Christian hope unfolds from the beginning of Jesus’ preach-
ing in the proclamation of the beatitudes. The
hope toward heaven as the new Promised Land; they trace the path
that leads through the trials that await the disciples of Jesus. But
through the merits of Jesus Christ and of his Passion, God keeps us
in the “hope that does not disappoint.”
Hope is the “sure and
steadfast anchor of the soul . . . that enters . . . where Jesus has gone
as a forerunner on our behalf.”
Hope is also a weapon that
protects us in the struggle of salvation: “Let us . . . put on the
breastplate of faith and charity, and for a helmet the hope of
It affords us joy even under trial: “Rejoice in your
hope, be patient in tribulation.”
Hope is expressed and nourished
in prayer, especially in the Our Father, the summary of everything
that hope leads us to desire.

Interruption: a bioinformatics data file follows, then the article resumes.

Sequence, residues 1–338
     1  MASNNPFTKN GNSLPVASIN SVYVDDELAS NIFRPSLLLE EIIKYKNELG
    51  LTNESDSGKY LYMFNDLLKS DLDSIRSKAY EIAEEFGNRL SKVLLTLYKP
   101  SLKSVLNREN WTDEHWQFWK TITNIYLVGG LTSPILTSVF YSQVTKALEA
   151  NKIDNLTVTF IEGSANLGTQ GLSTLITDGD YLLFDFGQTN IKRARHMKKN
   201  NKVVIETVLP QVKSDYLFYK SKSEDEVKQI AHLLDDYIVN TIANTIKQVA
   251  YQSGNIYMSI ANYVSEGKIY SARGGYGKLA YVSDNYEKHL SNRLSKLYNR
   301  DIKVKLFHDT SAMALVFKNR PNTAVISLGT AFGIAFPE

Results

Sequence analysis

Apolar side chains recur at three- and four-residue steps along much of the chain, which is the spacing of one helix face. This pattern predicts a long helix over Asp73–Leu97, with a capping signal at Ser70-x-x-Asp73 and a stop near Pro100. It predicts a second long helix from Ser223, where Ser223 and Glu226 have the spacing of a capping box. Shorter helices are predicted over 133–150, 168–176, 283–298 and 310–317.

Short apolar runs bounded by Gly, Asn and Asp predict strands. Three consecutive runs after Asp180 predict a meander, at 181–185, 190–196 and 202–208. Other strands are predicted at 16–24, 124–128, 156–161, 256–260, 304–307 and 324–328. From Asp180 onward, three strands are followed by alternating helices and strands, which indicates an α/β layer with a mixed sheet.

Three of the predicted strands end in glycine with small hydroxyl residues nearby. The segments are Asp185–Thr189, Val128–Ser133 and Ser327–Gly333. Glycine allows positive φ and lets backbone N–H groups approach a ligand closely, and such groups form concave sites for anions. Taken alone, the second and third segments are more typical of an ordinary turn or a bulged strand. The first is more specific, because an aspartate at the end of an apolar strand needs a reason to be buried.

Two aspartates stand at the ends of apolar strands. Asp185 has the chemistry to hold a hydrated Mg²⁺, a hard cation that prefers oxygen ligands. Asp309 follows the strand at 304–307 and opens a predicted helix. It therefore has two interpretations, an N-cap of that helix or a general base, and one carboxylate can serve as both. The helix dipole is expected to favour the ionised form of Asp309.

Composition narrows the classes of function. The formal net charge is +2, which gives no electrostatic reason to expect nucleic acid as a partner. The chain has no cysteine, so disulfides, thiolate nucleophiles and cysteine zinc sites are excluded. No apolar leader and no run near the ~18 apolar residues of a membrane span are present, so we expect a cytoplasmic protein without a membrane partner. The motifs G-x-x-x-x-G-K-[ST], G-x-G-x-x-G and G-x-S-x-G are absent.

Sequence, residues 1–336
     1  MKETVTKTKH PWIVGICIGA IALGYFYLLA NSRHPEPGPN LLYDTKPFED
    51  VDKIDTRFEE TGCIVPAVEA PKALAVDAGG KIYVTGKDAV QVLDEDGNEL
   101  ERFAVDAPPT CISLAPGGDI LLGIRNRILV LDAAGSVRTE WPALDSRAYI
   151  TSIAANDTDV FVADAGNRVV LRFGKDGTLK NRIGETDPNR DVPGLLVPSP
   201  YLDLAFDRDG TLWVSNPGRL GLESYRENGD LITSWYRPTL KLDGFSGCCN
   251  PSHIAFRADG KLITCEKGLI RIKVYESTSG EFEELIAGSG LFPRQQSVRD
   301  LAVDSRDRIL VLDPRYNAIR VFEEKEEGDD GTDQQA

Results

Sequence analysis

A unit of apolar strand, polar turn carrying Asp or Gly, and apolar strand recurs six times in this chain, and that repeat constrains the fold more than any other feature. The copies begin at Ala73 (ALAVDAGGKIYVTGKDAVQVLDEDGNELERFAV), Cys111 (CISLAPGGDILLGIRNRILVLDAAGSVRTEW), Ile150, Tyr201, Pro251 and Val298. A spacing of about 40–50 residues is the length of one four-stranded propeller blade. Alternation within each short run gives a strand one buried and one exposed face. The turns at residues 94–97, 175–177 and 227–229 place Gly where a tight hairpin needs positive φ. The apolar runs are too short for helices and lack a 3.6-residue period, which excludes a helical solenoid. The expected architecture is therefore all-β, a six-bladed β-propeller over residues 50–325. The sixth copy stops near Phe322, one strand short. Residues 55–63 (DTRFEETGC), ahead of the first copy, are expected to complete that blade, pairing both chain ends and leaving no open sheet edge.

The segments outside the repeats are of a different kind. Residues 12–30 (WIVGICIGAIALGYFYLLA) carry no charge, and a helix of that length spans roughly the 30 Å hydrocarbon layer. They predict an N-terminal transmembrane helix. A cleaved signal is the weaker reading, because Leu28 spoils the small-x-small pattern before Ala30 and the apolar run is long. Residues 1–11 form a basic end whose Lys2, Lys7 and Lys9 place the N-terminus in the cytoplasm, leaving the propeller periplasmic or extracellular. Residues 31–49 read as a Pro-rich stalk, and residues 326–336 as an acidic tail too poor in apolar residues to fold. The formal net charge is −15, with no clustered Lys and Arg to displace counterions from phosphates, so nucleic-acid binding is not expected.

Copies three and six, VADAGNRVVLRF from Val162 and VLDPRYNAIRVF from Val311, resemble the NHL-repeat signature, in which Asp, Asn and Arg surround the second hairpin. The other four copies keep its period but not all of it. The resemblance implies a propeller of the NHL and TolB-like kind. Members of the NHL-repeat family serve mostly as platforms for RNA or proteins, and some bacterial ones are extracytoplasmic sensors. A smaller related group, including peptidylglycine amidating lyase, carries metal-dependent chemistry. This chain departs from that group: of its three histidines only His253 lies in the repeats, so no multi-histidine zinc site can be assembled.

We can therefore hope in the glory of heaven promised by
God to those who love him and do his will.
In every circumstance,
each one of us should hope, with the grace of God, to persevere “to
and to obtain the joy of heaven, as God’s eternal reward
for the good works accomplished with the grace of Christ. In hope,
the Church prays for “all men to be saved.”
She longs to be united
with Christ, her Bridegroom, in the glory of heaven:
Hope, O my soul, hope. You know neither the day nor the
hour. Watch carefully, for everything passes quickly, even
though your impatience makes doubtful what is certain, and
turns a very short time into a long one. Dream that the more
you struggle, the more you prove the love that you bear your
God, and the more you will rejoice one day with your Be-
loved, in a happiness and rapture that can never end.
Charity is the theological virtue by which we love God
above all things for his own sake, and our neighbor as ourselves
for the love of God.
10:22; cf. Council of Trent: DS 1541.
95 St. Teresa of Avila,